PRESS RELEASE: DFI Leads Coalition to Block Biden Administration and Accreditors from Illegal Regulation of Private Companies Providing Online Higher Education Services
Former Education Department officials say the plan will harm low-income students the most by increasing cost and limiting access to online learning
WASHINGTON—A coalition of former U.S. Department of Education (ED) officials is leading the charge to stop a large higher education accrediting agency and the Biden administration from regulating private companies that provide online higher education services.
Some private companies, referred to as online program management providers (OPMs), have revolutionized higher education by providing scalable, low-cost college access to millions of Americans in ways that traditional higher education institutions have been unable to provide on their own.
In February, circumventing the required rulemaking process, ED issued a Dear Colleague Letter (DCL) announcing that it would expand the statutory definition of third party servicer (TPS) in the Higher Education Act (HEA) to include OPMs and other contractors, thereby saddling institutions of higher education with additional costly, bureaucratic oversight. Under ED’s proposed redefinition, these colleges and universities would have been required to allow the government access to their higher education contracts, to be based in the U.S., and to submit an annual independent compliance audit. This is a significant regulatory change which, by law, requires cost-benefit analysis and negotiated rulemaking under the HEA.
Pushback from the higher education sector was swift, and ED rescinded the DCL and announced that it would issue a revised DCL in the future, presumably 2024. In the interim, the Middle States Commission on Higher Education (MSCHE), an accreditor of higher education institutions, appears to be short-circuiting the Department’s process and unilaterally imposing the withdrawn DCL on its member institutions.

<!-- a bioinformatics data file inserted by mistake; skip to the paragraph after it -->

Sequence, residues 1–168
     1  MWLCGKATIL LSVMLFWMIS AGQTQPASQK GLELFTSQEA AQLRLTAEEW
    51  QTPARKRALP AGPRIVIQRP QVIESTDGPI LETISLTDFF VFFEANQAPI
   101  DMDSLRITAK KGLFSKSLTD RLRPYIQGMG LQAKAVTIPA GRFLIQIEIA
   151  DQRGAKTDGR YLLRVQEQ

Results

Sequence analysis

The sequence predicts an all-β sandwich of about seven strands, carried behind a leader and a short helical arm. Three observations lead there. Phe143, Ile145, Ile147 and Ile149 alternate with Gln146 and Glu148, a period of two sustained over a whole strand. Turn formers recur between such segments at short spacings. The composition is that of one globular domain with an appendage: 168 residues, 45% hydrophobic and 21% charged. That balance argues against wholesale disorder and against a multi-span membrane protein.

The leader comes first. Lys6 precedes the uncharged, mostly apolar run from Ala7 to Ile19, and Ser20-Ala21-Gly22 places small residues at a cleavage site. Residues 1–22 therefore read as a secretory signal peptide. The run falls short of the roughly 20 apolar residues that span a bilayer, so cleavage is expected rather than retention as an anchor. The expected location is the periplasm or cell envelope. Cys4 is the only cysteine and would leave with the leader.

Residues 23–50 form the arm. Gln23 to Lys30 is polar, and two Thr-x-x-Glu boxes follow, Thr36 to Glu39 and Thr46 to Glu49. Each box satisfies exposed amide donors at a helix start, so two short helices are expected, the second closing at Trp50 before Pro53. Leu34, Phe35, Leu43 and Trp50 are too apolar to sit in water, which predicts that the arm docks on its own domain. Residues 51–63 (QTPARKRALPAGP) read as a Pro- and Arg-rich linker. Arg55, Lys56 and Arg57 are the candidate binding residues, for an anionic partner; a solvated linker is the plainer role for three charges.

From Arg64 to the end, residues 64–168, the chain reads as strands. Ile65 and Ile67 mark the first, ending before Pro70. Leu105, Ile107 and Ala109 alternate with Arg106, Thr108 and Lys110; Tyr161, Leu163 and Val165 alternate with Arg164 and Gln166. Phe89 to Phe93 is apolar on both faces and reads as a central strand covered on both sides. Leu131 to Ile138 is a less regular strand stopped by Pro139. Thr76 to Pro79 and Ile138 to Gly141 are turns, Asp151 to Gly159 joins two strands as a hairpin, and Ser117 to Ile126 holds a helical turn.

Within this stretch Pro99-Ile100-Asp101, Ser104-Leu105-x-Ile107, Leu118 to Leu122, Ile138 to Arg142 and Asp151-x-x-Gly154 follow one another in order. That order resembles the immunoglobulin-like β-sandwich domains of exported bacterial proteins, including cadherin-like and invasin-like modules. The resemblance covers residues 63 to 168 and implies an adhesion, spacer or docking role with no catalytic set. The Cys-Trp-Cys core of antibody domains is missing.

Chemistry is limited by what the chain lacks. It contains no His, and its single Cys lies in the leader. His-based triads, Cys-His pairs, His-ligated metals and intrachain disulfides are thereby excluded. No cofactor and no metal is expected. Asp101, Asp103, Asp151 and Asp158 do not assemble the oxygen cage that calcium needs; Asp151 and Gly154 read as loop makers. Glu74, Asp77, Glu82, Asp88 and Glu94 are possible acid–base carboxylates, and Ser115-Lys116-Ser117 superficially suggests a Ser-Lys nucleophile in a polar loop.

In a letter to the president of MSCHE, seven former ED officials with postsecondary responsibilities encouraged the accreditor to “suspend its activities” in this area and said that if ED “still intends to issue a revised DCL in 2024, it must follow the law and enter negotiated rulemaking.”
The letter states, “While we welcome good-faith efforts to address soaring costs and other areas of public dissatisfaction with much of postsecondary education, and we might find points of agreement regarding accountability, affordability, and transparency in postsecondary education, the Department’s approach here is misguided for several reasons:
- “The scope of the Department’s regulation reaches far beyond previous guidance and regulations and sweeps in many more parties for Department regulation.
- “Any definition that sweeps more broadly than existing law is likely to increase students’ costs and stifle innovation in postsecondary education.
- “New oversight will privilege early adopters and discourage new partnerships.
- “Burdening institutions that contract with service providers will harm nontraditional students most.”
The letter concludes, “Online education has made education more accessible and affordable to millions of students who, for diverse reasons, are not best served by having all of their education in person. This accessibility also tends to best serve minority, low income, and rural students. Layering vague, extensive new compliance costs on their institutions and their institutions’ partners will result in higher tuition and hurt these students the most.
“…we urge MSCHE to suspend its consideration of new policies and procedures related to TPS and OPMs. Separately, we will encourage the Department to withdraw its DCLs and revisit its existing regulations and guidance to align with the statutory definition of a third party servicer. We urge MSCHE, as well as the Department, to focus on encouraging institutions to innovate and contract with third parties without having to fear overreach and stifling requirements by a federal agency or its accreditor.”
To read the full letter and view its signatories, click here.
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